Hey nerds. So friends at a theater company called Wildclaw, do this really cool annual contest where they present a program of short horro plays - radio plays, with a live band and Foley artist providing live sound accompaniment, etc.
Very cool event. This year was the first time I submitted. I'm not really a playwright, and I've never created anything just for audio, so it was a cool challenge.
Mine was not selected, but I had a good time writing it. While I would not regard it as a fully satisfying short play, I believe it's a diverting genre sketch.
It's entitled The Unkindest Cut. Here it is:
The Unkindest Cut
ROSE: A server in a roadside diner. She’d rather been anyplace else, but does
a conscientious job. She might be in her 30s. She does not seem youthful.
DENTON: A calm, violent stranger. He is in his late 30s. Civil, mostly, but
COOK: Owner/short order cook of roadside diner. Overworked, old, used up.
SOUND: THICK RUBBER GLOVES - LIKE
INDUSTRIAL GRADE YOU’D WEAR
WHEN WORKING WITH SOLVENTS -
TUGGED ONTO HANDS.
SOUND: STEEL TOOLS AND
IMPLEMENTS LAID WITH CARE ONTO A
SOUND: A MAN, GAGGED, AWAKENS
SUDDENLY, TERRIFIED. HIS SCREAMS
ARE MUFFLED BY THE GAG THAT FILLS
A surgeon, where he is freed of the obligation to preserve life, can explore more
fully the limits of his own gifts, and he finds the freedom to pioneer bold
techniques, pure techniques. And even, where he is diligent, something like
SOUND: HE TRIGGERS A BONE SAW,
MAN SCREAMS THROUGH GAG.
SOUND: SCREAMS INTENSIFY AS THE
BONE SAW BITES INTO A SCALP AND
SKULL. BONE SAW CYCLES DOWN.
MAN PLEADS THROUGH GAG. SCALP IS
SHUCKED OFF LIKE THE LEAVES FROM
A WET EAR OF CORN. SCREAMS
CRESCENDO AND TRAIL OFF.
TIME HAS PASSED.
SOUND: THE BELL AT THE TOP OF
DINER DOOR DINGS SOFTLY,
SIGNALING THE ARRIVAL OF A
CUSTOMER. SIZZLE OF THE GRILL,
SCRAPING OF UTENSILS, ETC.
Need a menu?
Nope. Don’t think so. You got chicken-fried steak?
What’s good, then?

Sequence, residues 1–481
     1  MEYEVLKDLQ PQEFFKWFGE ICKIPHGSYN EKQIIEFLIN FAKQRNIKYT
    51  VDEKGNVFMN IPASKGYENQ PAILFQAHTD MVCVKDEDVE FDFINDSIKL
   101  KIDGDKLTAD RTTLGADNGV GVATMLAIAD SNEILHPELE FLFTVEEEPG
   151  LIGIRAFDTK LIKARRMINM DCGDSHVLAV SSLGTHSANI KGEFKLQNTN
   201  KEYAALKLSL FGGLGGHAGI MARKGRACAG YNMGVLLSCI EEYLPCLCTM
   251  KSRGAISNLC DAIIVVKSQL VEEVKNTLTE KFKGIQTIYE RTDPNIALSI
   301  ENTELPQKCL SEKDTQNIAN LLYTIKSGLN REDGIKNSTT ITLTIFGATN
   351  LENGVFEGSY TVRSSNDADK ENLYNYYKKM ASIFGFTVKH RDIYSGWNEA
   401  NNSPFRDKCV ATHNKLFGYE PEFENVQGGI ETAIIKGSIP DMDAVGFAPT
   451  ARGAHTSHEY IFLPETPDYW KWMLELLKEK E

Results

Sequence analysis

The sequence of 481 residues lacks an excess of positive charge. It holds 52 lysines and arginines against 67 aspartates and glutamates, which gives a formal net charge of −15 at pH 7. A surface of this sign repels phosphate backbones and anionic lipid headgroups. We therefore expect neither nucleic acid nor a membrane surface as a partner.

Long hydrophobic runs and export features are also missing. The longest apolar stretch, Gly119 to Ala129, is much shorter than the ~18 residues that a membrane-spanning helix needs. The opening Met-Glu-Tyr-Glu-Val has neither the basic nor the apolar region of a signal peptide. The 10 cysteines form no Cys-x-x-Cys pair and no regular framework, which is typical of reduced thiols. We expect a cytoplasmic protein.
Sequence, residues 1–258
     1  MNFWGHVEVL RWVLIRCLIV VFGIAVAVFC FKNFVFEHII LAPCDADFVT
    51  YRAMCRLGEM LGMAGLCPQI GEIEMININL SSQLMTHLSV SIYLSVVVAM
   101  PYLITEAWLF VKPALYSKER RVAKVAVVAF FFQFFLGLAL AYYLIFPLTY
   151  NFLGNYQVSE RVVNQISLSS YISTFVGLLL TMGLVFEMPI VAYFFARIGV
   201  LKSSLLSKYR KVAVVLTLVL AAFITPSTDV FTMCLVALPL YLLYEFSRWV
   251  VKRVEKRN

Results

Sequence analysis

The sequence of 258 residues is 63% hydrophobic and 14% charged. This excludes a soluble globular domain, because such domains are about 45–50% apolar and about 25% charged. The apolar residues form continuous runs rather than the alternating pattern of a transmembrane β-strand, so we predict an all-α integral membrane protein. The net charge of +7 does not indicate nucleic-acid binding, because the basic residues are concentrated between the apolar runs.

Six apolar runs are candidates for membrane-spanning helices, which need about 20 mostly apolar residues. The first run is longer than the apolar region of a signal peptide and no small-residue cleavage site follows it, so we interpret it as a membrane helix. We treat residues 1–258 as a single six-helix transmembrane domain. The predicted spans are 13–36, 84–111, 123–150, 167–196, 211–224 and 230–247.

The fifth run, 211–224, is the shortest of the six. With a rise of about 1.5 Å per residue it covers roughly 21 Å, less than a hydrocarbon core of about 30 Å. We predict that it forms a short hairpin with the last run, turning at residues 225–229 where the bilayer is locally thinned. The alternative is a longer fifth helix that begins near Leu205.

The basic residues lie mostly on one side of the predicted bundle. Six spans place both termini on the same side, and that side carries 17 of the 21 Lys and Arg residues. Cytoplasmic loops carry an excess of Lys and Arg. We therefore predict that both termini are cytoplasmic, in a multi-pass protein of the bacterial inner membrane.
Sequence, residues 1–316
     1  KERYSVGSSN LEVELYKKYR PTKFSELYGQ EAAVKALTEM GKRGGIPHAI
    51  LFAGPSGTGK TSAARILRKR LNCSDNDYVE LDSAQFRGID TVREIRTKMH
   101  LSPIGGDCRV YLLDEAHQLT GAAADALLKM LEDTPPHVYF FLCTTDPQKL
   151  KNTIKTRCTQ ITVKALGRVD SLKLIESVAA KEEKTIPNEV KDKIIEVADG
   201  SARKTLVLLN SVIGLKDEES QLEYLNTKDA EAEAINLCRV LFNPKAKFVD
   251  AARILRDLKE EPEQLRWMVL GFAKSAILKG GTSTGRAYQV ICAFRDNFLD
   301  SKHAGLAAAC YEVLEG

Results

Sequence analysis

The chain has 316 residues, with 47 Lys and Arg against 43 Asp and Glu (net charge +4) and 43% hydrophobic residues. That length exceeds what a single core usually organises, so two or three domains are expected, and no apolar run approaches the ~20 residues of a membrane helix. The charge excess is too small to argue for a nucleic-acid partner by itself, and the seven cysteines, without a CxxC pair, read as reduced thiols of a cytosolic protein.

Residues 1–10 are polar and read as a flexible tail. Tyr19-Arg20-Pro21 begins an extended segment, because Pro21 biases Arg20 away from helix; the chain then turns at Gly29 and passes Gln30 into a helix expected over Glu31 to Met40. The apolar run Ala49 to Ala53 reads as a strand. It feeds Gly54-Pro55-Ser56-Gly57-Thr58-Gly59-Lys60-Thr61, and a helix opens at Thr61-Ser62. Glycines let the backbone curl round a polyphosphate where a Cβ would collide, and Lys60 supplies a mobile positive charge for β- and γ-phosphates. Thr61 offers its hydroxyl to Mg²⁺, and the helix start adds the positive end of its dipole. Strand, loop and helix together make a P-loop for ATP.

Kay. Where’s the nearest place?
Like eighty miles west. That’s how we stay open. Chicken-fried steak?
SOUND: DENTON SIPS COFFEE, DINER
SOUNDS, LATE NIGHT CHATTER OF A
HANDFUL OF PATRONS.
A ribbon of road in the dead of night - some patch of nowhere at the edge of
some garbage town. Places like this offer up as many patients as a surgeon can
SOUND: A SHARP DING! OF THE BACK
OF A SPATULA SWATTING A BELL.
SOUND: PLATE SLIDES TO A REST ON
Here you go. Enjoy.
Don’t be too sure.
Not this one, I think. This patch of nowhere would be a poorer parcel of nothing
SOUND: CLEARING AWAY DISHES.
We’re about to close up. So if you could settle up the check…
Yeah, pal. Let’s head out, OK? You don’t gotta go home, but you can’t stay here.
This one. That. Right there. That is the line that killed you. A cliché - a rehearsedsounding
cliché - mouthed a thousand-thousand times before. A meaningless
placeholder of a thing, the insinuation of sound where none was needed. I will
go to work on this one. Cliché is like ear wax - it accretes inside us, providing
nothing but the dank reminder of our own decay. Making us incrementally more
disgusting, deafening us a bit to world outside us, till our ears are cradling oily
little pools of disease right in our own goddamn heads. Scoop it out, most would
tell you. But it only reasserts itself; it only recolonizes its cave, like a slow, sickly
tide. I say lop off the ear. And butcher the host. Burn the corpse. Salt the earth.
SOUND: INDUSTRIAL DISHWASHER
THRUMMING, SCRAPING OFF FLAT TOP,
ETC. - THE SOUNDS OF A CRAPPY
RESTAURANT SHUTTING DOWN FOR
SOUND: BELL AT TOP OF DOOR DINGS.
SOUND: BELL DINGS, DOOR SWINGS
SHUT, ROSE THROWS DEAD BOLT.
SOUND: CLOSING BLINDS,
RESTOCKING SUGAR PACKETS, ETC.
SOUND: FEW LIGHT TAPS ON GLASS OF
THE FRONT DOOR.
(Through door, speaking loudly.)
No. I know. I was just here? I forgot something.
SOUND: BOLT THROWN OPEN, BELL
Right. Hi. I was just breaking down. Didn’t see anything where you were sitting.
No. You wouldn’t have. It’s not a thing. And, if we’re getting technical. I guess,
really. I didn’t forget. I’m just back.
SOUND: KITCHEN DOOR SWINGS OPEN
What’s this, now?
Says he forgot something. That’s not a thing. And he didn’t forget.
We’re closed up, Mister.
So… you better…
Yes. I will. I am.
Did you need…?
Nothing. Thank you. You.
You. You know Hippocrates?
Hippocrates. Greek. Father, supposedly, of modern medicine. Hippocratic oath?
Heard of the Hippocratic oath?
Look. Mister --
Have you. Heard of. The Hippocratic oath? Simple question.
Sir. We need to --
Yeah. I mean I guess so. It’s the thing, the, like, pledge that doctors take. When
they, I don’t know, get sworn in, or whatever.
Pretty good. Essentially correct. Bonus round --
(Interrupting, trying to assert authority
she knows she does not have.)
Sir. It’s time for you to leave, please.